The amount of Faulkner resources—essays, newsletters, websites, even movies—ain't trifling! In fact, Faulkner is the most studied author in the world, the subject of more books and articles than any other writer besides Shakespeare. So if reading three novels by Faulkner isn't enough for you, here's some extra credit.

Center for Faulkner StudiesCenter for Faulkner Studies
Located on the campus of Southeast Missouri State University, the Center for Faulkner Studies supports educational, scholarly and public service projects related to William Faulkner, including a Visiting Japanese Scholar program and the Teaching Faulkner newsletter. The Center's renowned Brodsky Collection includes thousands of manuscript pages, letters and photographs.

Center for Faulkner Studies In 1930, after writing As I Lay Dying but before it was published, William Faulkner purchased an antebellum house in a sad state of disrepair and named it Rowan Oak. More about the house and grounds—who lived there, how it got its name and when you can visit.

Center for Faulkner Studies
One Matchless Time: A Life of William Faulkner
Parini,who has taught Faulkner's work for 30 years, vividly brings to life Faulkner's complex fictional world in the context of his life. This magnificent biography is profound, thought-provoking, meticulously researched, elegantly composed and a tribute to the genius of its subject.

Ole Miss
Faulkner may have dropped out after three semesters, but he is still one of the University of Mississippi's most distinguished former students. The English Department offers a Faulkner biography.

University of Virginia
In 1957, Faulkner came to the University of Virginia as its first writer-in-residence. The university library holds a vast collection of Faulkner's manuscripts, first editions, personal papers and more.

William Faulkner Society
The William Faulkner Society is dedicated to fostering the study of Faulkner and to promoting research, scholarship and criticism dealing with his writings and their place in literature. The Society sponsors panels, holds annual meetings and is affiliated with The Faulkner Journal. Membership is open to anyone interested in the writer and his work.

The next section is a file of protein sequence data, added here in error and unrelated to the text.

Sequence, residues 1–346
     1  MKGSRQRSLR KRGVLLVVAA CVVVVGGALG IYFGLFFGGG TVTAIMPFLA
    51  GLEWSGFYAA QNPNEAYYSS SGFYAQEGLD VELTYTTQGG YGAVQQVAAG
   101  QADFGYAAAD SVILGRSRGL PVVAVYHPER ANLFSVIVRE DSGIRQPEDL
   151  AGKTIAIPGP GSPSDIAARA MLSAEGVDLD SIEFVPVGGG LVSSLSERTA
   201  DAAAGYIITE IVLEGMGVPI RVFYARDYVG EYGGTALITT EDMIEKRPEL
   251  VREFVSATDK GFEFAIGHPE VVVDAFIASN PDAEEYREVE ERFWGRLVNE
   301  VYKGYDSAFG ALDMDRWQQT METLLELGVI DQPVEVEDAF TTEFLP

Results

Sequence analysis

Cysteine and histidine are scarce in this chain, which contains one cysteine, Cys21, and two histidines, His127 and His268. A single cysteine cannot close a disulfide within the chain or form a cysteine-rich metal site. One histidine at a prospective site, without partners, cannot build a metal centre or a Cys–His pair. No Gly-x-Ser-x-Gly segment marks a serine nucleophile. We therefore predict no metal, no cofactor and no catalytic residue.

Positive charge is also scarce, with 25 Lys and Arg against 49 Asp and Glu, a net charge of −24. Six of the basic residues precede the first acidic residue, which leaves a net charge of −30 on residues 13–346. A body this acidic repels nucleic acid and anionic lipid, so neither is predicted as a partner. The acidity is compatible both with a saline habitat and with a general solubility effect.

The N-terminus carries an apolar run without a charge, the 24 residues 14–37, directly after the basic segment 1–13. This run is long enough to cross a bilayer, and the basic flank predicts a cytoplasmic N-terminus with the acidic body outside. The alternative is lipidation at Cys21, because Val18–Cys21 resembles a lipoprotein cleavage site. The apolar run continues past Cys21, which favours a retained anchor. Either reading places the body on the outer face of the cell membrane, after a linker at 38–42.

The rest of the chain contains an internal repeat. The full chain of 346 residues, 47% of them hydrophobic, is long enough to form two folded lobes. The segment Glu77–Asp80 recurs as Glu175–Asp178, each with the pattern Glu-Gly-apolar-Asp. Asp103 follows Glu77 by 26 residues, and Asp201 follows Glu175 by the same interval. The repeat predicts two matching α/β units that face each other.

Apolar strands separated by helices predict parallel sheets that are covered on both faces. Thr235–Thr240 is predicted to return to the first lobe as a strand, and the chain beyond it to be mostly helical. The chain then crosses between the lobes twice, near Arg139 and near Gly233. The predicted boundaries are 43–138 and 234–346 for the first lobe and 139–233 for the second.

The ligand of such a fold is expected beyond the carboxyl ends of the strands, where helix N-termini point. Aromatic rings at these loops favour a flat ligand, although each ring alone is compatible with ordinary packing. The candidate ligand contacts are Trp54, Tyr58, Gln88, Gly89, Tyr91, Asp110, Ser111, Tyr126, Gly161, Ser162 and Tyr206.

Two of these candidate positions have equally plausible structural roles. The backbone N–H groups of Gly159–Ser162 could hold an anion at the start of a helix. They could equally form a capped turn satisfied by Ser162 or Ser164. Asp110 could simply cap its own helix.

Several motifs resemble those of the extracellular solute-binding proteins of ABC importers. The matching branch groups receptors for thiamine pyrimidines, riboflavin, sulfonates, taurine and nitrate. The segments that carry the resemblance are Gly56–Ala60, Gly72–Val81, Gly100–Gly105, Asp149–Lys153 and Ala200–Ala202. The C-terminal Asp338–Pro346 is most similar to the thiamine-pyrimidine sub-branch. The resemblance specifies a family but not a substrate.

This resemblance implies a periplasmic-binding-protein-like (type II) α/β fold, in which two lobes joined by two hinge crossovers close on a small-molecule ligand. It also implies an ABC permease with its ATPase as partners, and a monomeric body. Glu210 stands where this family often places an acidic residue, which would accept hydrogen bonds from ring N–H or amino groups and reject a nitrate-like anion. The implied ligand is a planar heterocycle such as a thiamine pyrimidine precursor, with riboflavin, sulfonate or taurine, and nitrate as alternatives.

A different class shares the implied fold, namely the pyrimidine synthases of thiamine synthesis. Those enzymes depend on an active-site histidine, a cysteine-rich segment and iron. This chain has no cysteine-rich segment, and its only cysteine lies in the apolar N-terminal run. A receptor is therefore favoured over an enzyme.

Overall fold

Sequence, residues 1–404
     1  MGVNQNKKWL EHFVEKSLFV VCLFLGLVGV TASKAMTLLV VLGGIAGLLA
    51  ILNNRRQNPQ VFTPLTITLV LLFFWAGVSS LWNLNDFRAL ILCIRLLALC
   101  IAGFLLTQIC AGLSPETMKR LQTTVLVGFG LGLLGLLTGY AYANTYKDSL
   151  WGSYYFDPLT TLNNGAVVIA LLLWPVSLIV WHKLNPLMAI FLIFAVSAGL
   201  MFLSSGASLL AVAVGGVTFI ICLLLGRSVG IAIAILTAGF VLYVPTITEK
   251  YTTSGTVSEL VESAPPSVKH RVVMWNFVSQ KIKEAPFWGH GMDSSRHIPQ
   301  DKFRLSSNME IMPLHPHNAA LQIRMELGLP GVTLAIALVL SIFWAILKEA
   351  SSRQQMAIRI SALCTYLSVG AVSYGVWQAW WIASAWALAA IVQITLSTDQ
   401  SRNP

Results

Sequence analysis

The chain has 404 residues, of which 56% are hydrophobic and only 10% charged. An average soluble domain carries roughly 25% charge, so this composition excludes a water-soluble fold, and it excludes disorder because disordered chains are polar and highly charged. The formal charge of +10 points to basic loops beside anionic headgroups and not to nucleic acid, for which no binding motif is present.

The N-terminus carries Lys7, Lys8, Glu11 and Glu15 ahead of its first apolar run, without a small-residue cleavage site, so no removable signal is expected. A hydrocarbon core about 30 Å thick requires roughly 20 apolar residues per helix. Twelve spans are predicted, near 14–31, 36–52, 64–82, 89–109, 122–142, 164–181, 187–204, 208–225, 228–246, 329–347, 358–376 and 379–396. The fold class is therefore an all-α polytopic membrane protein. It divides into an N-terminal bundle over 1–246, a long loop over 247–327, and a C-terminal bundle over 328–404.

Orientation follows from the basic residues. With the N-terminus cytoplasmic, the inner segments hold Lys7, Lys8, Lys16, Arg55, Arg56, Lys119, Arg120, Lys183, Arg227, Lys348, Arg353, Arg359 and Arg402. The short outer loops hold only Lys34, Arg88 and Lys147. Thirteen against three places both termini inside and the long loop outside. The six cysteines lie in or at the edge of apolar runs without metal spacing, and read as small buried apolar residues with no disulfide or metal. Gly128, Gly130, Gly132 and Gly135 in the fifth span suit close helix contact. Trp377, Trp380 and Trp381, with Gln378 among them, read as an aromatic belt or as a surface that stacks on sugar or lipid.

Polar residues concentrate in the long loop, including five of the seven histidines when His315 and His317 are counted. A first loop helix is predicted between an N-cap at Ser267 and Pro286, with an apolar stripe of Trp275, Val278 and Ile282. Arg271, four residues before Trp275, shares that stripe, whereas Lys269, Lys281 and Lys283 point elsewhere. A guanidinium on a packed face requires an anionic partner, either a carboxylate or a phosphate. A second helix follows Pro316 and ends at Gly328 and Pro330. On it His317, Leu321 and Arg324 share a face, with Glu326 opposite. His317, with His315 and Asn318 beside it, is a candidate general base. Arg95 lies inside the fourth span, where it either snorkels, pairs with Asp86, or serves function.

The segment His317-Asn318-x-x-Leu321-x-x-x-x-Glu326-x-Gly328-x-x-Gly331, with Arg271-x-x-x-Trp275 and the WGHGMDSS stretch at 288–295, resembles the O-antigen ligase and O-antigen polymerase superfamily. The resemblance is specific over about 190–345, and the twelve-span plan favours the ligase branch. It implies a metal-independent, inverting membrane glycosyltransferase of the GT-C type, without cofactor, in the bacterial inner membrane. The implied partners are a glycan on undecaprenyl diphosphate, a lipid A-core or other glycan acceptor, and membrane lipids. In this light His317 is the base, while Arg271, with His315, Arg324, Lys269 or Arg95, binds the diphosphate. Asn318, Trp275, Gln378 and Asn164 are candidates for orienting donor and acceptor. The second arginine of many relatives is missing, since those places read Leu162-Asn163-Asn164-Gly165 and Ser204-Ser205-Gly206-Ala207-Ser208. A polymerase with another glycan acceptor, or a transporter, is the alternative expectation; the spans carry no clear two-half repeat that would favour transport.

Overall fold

The Nobel Prize
Awarded the 1949 Nobel Prize for Literature, Faulkner didn't want to go to Stockholm for the award ceremony. Pressured by the U.S. State Department, the Swedish Ambassador to the United States and his own family, he finally gave in. Listen to his famous acceptance speech.
William Faulkner's Mississippi home: Rowan Oak
While his immediate family fell on some hard times while William Faulkner was growing up, Faulkner's memory was filled with visits to his grandfather's home, "Big Place." In 1930, newly married to his childhood sweetheart, Estelle Oldham Franklin, and feeling confident about his writing, Faulkner purchased a stately antebellum house in Mississippi. A family friend of his father-in-law had given the newlyweds a fantastic deal—although the house was in desperate need of repair, for $6000 and a mortgage, Faulkner got his dream house and four acres of land.

The Faulkner's new home was known as the Shegog Place, after the old Irish Colonel who had built it in the mid-1800s, but that name didn't last long once the Faulkner's moved in. "In the evenings, Faulkner would read on the verandah, sipping whiskey. He was making his way systematically through Sir James Frazier's learned anthropological study, The Golden Bough, which had meant so much to [T.S.] Eliot as a background to The Waste Land. One night he came upon a passage about a rowan oak, indigenous to Scotland: not oak at all but a fruit tree with white flowers and red pomes. It symbolized peace and safety, and this struck him pleasantly; he now christened the new house as Rowanoak (or, fairly soon after, Rowan Oak)" (p. 156, One Matchless Timeby Jay Parini)

Faulkner and Estelle lived at Rowan Oak until his death in 1962. The house and grounds are now a museum operated by the University of Mississippi.

Guided tours are available:
10–4 Tuesday–Saturday
1–4 Sundays (Closed Mondays)
PH: 662-234-3284

Take a virtual tour:

Photo Credit: Rowan Oak © 2005 Bruce Newman.

Attend the annual Faulkner and Yoknapatawpha Conference this summer and go on more guided tours.
Photo Credits: "The Square" (1968) by John McCrady, permission granted by Mr. and Mrs. William Lewis of Oxford, Mississippi; Rowan Oak © 2005 Bruce Newman. William Faulkner mural by Grant Lund, The Center for Faulkner Studies.


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